Simple system

A *system, such as an organism or a preparation containing neural tissue, that is less complex than other systems in the same category, and is used to model the category and to facilitate research that involves this category.

Interest in the intelligence of simple organisms, and their use to investigate problems of learning and memory, draws mainly from two conceptual frameworks: Darwinism (Boakes 1984), and "reductionism. The notion that evolution applies to the mind as well, undoubtedly combined with a keen interest in zoology and behaviour, has directed some investigators already a century ago to study the mental powers of organisms such as protozoa and insects (Peckham and Peckham 1887; Jennings 1906; Day and Bentley 1911). Starting at the 1950s and 60s, the use of simple organisms in neurobiology (Benzer 1967), as well as that of simplified preparations from such organisms (Kandel and Spencer 1968), has been further reinforced by the remarkable success of utilizing simple organisms to decode the genetic code and to unravel metabolic pathways.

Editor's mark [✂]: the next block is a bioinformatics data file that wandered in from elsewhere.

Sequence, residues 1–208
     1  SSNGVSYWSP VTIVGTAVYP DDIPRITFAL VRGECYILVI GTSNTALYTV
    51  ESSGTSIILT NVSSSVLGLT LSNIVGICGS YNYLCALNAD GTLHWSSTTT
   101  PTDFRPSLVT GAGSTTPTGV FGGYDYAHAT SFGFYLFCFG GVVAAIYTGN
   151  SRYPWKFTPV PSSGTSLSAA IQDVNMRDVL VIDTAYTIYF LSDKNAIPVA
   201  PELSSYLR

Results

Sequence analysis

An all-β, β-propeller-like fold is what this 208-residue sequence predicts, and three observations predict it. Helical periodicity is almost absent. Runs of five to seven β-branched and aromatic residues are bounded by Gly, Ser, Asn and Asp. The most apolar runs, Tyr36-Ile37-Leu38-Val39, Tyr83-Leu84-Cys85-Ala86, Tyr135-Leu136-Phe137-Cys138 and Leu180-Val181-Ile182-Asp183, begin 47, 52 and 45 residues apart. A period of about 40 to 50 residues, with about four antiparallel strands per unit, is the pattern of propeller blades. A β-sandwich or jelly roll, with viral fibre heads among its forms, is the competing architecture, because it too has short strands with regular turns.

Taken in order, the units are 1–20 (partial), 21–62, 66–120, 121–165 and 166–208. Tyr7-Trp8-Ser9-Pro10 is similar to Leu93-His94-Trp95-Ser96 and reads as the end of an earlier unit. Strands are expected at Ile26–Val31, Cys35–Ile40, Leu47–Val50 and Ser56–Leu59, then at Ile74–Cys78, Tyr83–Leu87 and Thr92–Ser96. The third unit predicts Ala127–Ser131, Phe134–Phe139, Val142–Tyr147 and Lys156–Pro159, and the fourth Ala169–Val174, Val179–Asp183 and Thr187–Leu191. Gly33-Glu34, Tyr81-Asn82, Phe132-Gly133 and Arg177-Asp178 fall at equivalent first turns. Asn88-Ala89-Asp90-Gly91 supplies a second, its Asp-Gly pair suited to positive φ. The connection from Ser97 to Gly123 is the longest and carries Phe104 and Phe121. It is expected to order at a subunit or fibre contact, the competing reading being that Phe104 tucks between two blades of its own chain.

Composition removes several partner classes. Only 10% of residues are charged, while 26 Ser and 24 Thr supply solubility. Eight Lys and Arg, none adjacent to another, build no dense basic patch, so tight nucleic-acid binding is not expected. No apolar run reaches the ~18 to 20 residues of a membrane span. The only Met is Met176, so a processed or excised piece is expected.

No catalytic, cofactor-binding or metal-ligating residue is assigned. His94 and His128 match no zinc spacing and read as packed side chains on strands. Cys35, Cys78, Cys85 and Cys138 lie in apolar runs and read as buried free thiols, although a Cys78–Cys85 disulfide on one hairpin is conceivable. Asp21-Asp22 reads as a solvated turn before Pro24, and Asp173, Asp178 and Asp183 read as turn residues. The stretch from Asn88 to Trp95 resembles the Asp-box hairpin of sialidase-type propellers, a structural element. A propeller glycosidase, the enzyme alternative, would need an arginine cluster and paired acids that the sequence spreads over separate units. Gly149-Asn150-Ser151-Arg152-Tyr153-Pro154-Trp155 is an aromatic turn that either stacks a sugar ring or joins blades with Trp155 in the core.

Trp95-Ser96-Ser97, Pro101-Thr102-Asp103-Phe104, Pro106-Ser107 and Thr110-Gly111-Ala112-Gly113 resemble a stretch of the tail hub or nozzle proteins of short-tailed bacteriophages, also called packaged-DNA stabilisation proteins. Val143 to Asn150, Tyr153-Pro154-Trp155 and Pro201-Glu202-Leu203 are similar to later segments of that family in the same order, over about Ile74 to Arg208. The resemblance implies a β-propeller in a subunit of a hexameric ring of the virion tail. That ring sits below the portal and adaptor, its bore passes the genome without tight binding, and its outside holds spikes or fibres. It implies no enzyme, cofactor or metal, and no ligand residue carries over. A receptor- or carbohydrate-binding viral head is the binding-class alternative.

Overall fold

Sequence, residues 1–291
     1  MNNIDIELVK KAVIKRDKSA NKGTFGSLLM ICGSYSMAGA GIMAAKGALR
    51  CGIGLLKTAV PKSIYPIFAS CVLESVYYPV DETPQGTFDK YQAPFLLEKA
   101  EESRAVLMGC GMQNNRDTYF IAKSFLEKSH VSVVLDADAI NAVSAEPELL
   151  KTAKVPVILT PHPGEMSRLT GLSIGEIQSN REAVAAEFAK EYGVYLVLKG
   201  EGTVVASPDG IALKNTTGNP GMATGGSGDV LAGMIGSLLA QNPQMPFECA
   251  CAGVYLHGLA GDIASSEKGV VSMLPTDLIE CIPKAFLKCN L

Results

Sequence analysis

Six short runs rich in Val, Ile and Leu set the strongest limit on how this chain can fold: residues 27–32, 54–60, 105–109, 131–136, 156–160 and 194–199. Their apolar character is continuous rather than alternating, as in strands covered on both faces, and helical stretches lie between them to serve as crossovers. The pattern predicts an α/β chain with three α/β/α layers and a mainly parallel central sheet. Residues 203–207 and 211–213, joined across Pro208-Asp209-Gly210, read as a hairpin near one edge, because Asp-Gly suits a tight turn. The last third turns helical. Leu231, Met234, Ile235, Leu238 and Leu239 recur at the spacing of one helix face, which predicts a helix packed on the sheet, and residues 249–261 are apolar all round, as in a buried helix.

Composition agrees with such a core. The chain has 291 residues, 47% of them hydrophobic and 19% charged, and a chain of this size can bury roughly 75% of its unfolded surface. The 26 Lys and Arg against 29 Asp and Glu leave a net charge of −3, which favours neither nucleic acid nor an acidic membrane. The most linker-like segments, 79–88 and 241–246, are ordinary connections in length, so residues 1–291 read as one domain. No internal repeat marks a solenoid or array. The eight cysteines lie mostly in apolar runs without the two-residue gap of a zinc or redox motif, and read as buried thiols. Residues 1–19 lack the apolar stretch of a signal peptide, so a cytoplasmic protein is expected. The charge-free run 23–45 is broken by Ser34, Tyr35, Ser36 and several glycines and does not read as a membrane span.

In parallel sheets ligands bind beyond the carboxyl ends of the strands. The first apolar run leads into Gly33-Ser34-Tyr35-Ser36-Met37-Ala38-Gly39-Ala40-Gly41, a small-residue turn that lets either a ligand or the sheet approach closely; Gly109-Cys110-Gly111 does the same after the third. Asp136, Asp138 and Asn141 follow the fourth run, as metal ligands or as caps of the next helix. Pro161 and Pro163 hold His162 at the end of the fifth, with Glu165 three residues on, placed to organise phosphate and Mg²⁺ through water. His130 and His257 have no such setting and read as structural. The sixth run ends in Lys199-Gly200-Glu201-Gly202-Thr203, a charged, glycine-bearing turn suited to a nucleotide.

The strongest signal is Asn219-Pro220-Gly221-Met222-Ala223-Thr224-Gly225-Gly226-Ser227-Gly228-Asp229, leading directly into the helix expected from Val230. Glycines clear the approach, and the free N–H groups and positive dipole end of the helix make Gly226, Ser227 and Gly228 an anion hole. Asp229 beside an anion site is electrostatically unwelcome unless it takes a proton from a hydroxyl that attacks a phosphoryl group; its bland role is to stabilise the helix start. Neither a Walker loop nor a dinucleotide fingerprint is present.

The selection of a 'simple' organism for the investigation of learning and memory depends on the objective and on the context of the research programme. If the objective is to study the neurobiology of a particular species per se, the selection is self-explanatory. If the objective is primarily to advance understanding of a general problem in the neurobiology of learning and memory, the selection is based on properties that offer particular experimental advantages. These could be, for example, simple reflex circuits, large accessible neurons (Kandel and Spencer 1968; T.E. Cohen et al. 1997), or amenability to genetic analysis (Benzer 1967; Dudai et al. 1976; Tully 1996). Furthermore, whether an organism is regarded 'simple' depends on what is it compared with. In the context of the analysis of human "amnesia, studying a "rat is switching to a simple system, although the rat, of course, is far from being simple.